The fort was also a casualty of the Civil War, initially in World War II. It was occupied by supporters of Charles, then captured and destroyed so that it could no longer be used as a fortress. Like Rushton Hall, the castle was frequently visited by Charles Dickens, who may have been modeled after Bleak House’s Chesney Wold.

The castle gardens have been recently remodeled with a variety of flowering plants and are adorned with paths that offer great views of the surrounding area. The fort can be visited, but not every day, so please check before visiting.

6. Kirby Hall

Nobles and landowners competed fiercely to provide accommodation for members of the royal family when they visited Britain. Kirby Hall was an early example of FOMO (fear of kidnapping) when 1 Elizabeth lived in nearby Dean Park when Sir Humphrey Stafford realized that Kirby was not big enough to invite a monarch and began building a proper Queen’s residence. In 1575, Sir Christopher Hatton bought the building and left it to a distant relative, Sir Christopher Hatton.

The building is now big enough to enjoy the patronage of King James and Queen Anne. When his son took over the hall, he hired the leading architect of the time, Inigo Jones, to renovate and redesign the building, and Jones created a masterpiece that combined Jacobins Pie and Elizabethan style. While some halls don’t have a roof, it’s worth a visit and has appeared in a few movies and TV shows like Mansfield Park, so it looks familiar.

A beautiful formal garden has been laid out and although in disrepair it has been recently restored. Some gardens have been built on the ruins of Kirby Village. Kirby, a medieval village mentioned in the apocalypse book, has almost completely disappeared except for some evidence of how the village was laid out, and possibly the remains of an earlier mansion. It is located in the southeast part of the hall.

7. Boughton House

Located near Kettering, Boughton House pays homage to the magnificent architecture of Versailles and exudes a strong French flair. Originally a monastery, it was later converted into a manor by Sir Edward Montagu, Chief Justice of Henry VIII. It was his descendant, the French ambassador, Ralph Montagu, who began building the house in the French style and hired many Huguenot workers to work on the interior and exterior. His son loved the garden and the European style garden was developed under his supervision.

The house is well preserved and today belongs to the Buccleuch family, who inherited it by marriage when the Montagues died. They did not use the house, but carefully guarded it. Art treasures from Van Dyck, El Greco and Gainsborough can be seen in the elegant Baroque cabins as well as ornate furniture, tapestries and rugs.

It is very formal and geometric in concept, including gardens, lakes, waterways and pools. They are truly neglected but lovingly restored.

8. Canon’s Ashby

Before Henry ascended the throne, there were many monasteries in England. Some estimates are as high as 700. A few kilometers north of Surgrave and a few kilometers east of Eydon, the small village of Ashby in Canon is home to a monastery, an old castle, and an Elizabethan manor house owned for a hundred years by the four Drydens. The National Trust took over the house in 1981 and restored it to its former glory and tended the gardens containing varieties of fruit trees popular in the 16th century.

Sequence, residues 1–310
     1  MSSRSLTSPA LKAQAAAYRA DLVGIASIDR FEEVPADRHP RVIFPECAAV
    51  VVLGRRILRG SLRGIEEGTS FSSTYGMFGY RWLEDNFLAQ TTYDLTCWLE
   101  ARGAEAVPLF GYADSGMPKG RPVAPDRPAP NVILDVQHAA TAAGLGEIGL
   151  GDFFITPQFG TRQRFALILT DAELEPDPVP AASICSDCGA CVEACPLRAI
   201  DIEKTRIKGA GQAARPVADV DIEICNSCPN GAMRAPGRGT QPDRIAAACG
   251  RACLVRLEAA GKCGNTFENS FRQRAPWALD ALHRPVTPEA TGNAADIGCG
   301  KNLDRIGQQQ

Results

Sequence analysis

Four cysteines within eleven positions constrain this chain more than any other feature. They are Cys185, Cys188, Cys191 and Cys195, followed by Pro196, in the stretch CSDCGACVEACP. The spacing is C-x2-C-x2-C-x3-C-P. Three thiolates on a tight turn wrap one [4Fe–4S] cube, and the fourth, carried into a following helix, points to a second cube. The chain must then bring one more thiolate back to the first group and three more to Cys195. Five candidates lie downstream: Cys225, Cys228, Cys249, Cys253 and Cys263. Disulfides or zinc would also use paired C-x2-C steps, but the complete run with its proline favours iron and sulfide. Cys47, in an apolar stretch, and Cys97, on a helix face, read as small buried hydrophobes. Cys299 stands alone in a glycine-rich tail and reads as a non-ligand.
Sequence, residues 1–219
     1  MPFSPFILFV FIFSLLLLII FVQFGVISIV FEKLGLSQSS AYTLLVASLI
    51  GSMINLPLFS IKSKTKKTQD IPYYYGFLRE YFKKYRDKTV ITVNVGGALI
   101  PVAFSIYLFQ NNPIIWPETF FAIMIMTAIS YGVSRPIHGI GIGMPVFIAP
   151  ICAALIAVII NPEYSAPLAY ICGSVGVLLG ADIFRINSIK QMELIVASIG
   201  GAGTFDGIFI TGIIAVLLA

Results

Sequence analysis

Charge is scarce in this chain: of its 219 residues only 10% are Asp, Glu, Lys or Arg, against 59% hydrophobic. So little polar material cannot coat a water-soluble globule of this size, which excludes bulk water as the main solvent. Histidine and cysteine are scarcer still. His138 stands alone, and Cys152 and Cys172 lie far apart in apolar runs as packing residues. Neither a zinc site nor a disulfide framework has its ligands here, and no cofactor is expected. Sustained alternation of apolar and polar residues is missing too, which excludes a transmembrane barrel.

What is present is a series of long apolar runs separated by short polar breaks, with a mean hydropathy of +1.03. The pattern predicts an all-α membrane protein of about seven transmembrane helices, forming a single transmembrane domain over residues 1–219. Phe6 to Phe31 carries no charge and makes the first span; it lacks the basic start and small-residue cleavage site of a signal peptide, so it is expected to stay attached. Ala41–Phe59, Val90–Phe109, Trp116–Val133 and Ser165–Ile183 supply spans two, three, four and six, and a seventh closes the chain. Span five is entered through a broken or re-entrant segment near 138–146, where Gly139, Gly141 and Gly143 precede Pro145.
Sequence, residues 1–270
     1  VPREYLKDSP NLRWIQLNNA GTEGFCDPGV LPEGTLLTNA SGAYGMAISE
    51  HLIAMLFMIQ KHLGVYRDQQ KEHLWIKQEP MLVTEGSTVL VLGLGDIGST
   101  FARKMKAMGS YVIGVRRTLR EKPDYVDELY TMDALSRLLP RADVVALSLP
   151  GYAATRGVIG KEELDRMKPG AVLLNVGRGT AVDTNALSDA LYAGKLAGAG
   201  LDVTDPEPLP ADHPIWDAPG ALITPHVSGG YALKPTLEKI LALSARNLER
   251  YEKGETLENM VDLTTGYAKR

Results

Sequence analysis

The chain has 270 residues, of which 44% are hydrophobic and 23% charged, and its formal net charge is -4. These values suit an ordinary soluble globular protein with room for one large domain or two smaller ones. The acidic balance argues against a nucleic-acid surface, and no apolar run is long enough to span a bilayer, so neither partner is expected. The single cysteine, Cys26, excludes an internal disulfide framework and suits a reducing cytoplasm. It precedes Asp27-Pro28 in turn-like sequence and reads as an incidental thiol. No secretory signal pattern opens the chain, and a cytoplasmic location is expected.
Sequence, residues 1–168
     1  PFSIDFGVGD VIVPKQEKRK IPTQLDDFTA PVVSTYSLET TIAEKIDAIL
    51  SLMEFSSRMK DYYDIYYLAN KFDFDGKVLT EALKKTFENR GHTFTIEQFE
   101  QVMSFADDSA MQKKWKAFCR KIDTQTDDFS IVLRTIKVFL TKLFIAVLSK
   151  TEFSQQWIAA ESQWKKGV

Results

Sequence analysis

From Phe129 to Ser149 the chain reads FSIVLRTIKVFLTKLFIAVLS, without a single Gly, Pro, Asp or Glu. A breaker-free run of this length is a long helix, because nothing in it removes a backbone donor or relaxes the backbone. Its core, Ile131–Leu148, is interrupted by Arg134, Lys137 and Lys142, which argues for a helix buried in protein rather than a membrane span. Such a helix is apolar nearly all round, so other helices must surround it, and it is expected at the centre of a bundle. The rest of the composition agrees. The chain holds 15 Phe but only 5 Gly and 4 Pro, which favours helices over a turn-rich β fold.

The interior of the house is noted for its Elizabethan frescoes and Jacobean stucco, giving an idea of ​​what the interior looked like at the time. The ruins of Canon Ashby Castle are located in the grounds. Now only the mound where the castle was located remains.

9. Sulgrave

The Northamptonshire landscape is dotted with pleasant hamlets with typical houses built of local stone. Sulgrave is one of them, and although it is attractive, it has far more tourists, especially Americans, than other neighboring villages such as Blakely and Bunbury. Sulgrave Manor is popular because of its popularity as a tourist destination. The estate was built in 1539 as the ancestral home of George Washington. It has fallen into disrepair but has been lovingly restored along with the surrounding gardens. There is a museum in the mansion.

If you have more time to kill, you can head a few kilometers north to the villages of Daventry and Eden. This is where Aiden Hall, a unique Palladian building, was built. There is an interesting South African connection here, the famous architect Sir Herbert Baker made some changes. It is a grade I listed building mostly built of iron and stone, surrounded by an undulating park.

10. Delapré Abbey

England’s Midlands look so peaceful today that it’s hard to imagine how much conflict there is here. More than 900 years ago, a group of Cluniac nuns founded a nunnery near Northampton. This is one of the places where Edward I’s beloved wife, Eleanor of Castile, lies. On his mournful journey to Westminster Abbey, he erected a cross at every stop, one here and the last at Charing Cross in London.

On the contrary, the Battle of Northampton took place nearly 200,000 years later, during the War of the Roses. The abbey’s peace was again broken when Henry VIII destroyed the abbey, expelled all the nuns and monks, and handed over the land to the Tate family, who built much of what is today.

Take some time to admire the gardens established by the Tate family and visit the adjacent 500-acre Delapré Park, which also includes a lake for fishing and water sports.

Conclusion:

Hope you like our choice of the best places to visit in Northamptonshire. If you think there are some more beautiful places to visit in Northamptonshire, we should cover them. Write us below in the comment box.